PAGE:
The debate about the role and reliability of clinical information systems (CIS) goes back several years.
As far back as 1994, a British Medical Journal editorial entitled ‘Are clinical information systems safe ?’ portrayed a series of high-profile failures (which entailed physical harm to patients), and raised some disturbing questions. These included the lack of safety critical certification as well as issues of liability on the part of device manufacturers.
The Journal also observed that “Computer consultants should recognise that lack of input from clinicians in the development of information systems in the past may have increased the dangers of failure.” It concluded that the ensuring of “reasonable safety for clinical information systems is, then, essentially a problem for clinicians.”
Such a debate continues today. However, both its contours and content have become far more complicated. In its editorial, the Journal noted that the speed and complexity of information systems “makes it impossible for humans to verify that the results are correct” or allow clinicians to be firmly ‘in the loop’ of control. That was almost a generation ago.
Today’s CIS systems are much faster and complex. The challenges are therefore also greater. And yet, much more is also expected from them.
An Institute of Medicine report, ‘Crossing the Quality Chasm: A New Health System for the 21st Century’, recently identified the design of more sophisticated clinical information systems as essential for the highest-quality, lowest-cost patient care.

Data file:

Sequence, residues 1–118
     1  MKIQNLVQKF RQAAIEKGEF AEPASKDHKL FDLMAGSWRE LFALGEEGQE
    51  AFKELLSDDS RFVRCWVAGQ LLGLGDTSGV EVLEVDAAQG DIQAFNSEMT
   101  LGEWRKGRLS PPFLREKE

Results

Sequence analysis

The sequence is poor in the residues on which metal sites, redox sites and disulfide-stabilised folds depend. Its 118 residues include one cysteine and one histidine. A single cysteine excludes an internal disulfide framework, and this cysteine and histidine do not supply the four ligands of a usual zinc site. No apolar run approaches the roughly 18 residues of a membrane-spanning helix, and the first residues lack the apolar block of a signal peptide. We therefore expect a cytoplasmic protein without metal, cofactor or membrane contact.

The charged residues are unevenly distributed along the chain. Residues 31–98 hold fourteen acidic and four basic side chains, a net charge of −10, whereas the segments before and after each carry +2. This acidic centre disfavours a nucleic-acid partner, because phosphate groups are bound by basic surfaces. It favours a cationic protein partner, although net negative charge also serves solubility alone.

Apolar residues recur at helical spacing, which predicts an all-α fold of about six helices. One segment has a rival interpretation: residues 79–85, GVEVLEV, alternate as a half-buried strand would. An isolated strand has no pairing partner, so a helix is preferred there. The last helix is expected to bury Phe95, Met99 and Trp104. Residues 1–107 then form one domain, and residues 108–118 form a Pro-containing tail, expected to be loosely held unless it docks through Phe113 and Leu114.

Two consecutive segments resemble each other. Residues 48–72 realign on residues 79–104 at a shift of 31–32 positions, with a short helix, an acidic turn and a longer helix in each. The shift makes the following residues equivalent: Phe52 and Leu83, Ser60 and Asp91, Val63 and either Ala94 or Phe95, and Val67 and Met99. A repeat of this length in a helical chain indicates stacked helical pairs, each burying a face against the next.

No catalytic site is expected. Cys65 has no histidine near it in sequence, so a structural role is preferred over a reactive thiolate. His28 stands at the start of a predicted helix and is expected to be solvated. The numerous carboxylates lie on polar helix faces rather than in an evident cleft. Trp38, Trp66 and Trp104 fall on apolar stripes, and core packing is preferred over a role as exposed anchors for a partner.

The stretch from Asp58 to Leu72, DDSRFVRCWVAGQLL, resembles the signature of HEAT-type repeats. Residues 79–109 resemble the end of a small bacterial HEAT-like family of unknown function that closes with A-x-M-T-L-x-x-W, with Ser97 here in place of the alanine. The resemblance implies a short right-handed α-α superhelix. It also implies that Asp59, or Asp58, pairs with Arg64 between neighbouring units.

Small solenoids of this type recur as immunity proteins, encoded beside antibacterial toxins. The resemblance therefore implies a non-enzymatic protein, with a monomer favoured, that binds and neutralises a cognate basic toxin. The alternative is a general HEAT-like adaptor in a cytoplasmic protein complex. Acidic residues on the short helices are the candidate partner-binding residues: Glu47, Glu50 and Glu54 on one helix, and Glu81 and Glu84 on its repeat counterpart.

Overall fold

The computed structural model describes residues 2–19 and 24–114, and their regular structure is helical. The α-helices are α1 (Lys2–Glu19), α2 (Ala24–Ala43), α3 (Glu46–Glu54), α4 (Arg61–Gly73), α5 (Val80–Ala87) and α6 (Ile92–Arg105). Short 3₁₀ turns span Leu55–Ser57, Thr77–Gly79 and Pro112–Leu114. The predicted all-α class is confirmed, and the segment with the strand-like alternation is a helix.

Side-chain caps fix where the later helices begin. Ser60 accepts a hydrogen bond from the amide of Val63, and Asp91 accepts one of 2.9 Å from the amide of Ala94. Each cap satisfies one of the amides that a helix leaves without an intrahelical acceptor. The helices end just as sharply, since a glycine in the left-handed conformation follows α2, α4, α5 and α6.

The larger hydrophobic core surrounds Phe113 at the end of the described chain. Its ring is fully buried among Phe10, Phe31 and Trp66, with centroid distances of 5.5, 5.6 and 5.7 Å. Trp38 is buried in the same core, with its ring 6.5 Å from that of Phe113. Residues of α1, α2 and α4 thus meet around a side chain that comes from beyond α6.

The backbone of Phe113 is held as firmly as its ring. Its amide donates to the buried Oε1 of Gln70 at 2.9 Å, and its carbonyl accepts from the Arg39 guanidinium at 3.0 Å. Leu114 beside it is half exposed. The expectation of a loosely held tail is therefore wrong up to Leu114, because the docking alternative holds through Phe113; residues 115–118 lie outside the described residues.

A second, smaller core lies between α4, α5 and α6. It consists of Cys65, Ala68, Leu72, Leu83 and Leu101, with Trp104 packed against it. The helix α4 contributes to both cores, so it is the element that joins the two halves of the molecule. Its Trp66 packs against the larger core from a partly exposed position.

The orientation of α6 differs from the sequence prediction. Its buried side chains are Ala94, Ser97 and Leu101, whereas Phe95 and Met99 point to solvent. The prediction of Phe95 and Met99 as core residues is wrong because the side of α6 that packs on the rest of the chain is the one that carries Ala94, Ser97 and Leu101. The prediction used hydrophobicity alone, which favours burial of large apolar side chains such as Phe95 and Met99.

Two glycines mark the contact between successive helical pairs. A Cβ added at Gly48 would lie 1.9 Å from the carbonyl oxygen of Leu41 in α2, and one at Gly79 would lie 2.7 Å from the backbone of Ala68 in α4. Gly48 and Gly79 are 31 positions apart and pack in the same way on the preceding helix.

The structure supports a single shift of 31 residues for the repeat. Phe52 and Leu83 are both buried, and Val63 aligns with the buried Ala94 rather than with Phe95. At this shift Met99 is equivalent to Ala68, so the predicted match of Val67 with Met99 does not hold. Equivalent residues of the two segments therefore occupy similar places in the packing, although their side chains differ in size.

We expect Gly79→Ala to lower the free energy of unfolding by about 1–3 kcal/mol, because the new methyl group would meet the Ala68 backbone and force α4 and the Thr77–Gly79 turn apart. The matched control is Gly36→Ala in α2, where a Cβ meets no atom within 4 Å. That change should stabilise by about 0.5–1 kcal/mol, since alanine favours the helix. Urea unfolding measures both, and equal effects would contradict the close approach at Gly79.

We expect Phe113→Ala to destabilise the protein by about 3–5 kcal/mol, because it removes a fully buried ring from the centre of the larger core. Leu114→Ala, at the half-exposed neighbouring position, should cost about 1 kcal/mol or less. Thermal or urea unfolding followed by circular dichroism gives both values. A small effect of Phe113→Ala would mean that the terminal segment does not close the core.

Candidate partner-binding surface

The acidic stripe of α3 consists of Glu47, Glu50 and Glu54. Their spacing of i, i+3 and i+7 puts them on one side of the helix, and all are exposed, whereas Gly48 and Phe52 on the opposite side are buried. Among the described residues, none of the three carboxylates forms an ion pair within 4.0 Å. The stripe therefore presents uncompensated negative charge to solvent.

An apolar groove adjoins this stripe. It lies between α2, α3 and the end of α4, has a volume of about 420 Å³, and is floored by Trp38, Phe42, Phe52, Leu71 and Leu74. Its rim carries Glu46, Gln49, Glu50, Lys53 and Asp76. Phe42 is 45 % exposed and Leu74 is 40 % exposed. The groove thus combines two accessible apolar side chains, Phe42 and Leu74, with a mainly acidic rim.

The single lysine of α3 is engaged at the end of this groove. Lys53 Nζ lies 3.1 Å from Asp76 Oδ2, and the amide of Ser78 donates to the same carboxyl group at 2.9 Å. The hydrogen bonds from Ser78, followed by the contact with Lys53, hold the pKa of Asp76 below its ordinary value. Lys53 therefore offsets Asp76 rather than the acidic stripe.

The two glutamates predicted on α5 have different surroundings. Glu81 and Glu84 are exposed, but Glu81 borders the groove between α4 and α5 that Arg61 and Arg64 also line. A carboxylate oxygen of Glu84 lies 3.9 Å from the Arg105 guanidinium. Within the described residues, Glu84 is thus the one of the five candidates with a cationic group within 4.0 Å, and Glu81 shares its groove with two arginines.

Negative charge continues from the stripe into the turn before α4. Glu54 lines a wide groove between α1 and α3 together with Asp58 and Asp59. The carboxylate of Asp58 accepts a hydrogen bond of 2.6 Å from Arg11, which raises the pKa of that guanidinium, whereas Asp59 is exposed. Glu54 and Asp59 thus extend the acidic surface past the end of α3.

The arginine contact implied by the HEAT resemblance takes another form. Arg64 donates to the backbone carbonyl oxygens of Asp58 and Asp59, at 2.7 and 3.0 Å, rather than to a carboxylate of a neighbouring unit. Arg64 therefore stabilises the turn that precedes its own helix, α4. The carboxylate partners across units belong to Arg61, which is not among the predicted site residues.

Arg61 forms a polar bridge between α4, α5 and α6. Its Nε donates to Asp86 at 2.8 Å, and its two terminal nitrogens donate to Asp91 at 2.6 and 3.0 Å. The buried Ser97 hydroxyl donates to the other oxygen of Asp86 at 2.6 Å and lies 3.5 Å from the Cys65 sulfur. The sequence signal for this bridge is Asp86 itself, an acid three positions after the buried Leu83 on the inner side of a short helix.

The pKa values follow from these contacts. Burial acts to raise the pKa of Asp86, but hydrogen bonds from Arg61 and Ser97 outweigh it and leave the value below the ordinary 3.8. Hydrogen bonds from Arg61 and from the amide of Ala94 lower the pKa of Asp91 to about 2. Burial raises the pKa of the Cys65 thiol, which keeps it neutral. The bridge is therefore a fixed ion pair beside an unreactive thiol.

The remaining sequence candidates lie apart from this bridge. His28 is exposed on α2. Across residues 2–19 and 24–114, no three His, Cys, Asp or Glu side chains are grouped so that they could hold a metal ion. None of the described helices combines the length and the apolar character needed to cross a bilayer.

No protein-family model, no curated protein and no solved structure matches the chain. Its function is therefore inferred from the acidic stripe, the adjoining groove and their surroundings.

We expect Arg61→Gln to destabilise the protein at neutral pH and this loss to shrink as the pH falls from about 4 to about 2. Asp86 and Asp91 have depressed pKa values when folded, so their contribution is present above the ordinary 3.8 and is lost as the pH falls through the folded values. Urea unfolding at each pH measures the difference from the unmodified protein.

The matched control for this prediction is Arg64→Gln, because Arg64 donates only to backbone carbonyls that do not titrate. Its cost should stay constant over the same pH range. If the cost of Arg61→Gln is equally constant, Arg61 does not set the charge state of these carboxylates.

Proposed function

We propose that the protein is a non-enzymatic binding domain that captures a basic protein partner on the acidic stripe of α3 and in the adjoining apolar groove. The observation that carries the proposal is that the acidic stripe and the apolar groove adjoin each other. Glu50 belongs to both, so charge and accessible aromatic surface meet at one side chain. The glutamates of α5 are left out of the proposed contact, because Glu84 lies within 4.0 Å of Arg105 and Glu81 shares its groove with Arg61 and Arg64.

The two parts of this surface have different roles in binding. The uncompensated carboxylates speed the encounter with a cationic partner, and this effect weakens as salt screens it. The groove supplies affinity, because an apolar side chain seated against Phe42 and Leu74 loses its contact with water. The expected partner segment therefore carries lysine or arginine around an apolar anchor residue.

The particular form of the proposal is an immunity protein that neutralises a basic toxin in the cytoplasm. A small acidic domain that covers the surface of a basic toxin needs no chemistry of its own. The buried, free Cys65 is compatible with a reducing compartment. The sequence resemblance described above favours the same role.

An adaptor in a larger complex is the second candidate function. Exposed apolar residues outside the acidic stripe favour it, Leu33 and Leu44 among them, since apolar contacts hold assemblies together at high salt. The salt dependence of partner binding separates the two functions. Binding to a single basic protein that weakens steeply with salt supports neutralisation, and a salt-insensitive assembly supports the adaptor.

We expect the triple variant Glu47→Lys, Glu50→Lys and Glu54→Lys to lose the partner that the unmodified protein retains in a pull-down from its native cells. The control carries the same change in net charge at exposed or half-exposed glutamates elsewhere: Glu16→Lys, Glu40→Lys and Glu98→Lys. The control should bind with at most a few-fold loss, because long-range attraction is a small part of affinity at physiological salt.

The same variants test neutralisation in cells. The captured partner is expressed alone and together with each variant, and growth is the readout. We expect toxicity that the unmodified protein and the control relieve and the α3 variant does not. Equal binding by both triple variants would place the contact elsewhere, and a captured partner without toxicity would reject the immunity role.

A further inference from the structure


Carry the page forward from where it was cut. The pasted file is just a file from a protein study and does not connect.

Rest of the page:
When the British Medical Journal published its editorial, formalised IT design techniques were still in their infancy. Indeed, the editorial emphasised that design was less important (and possibly more cumbersome and impractical) than prototyping and field testing, which would then be formally incorporated into an acceptable certification process.
In the late 1990s, the design of CIS systems acquired an artisanal nature – especially due to the growth in platform and functionality convergence, and a rise in object-oriented/componenti€ sed architecture. One of the visions of this era was to generate a multitude of clinical information applications from a common foundation, with new systems built out of generic software adapted for different specialties, with a certain inbuilt element of connectivity. These were, of course, the years when the Internet was just taking off.
Today, CIS design – like that of other healthcare IT systems – is being driven by a new generation of design tools and formal models. These include Platform-Based Design (PBD), with system specifications mapped to Service-Oriented Architecture (SOA) platforms by means of Internet-era languages such as XACML. Alongside, the design of new CIS systems also typically take close account of human-computer interfaces (HCI), healthcare decision support and clinical guidelines, system integration and change management policies, the implications of e-health and distributed IT technologies.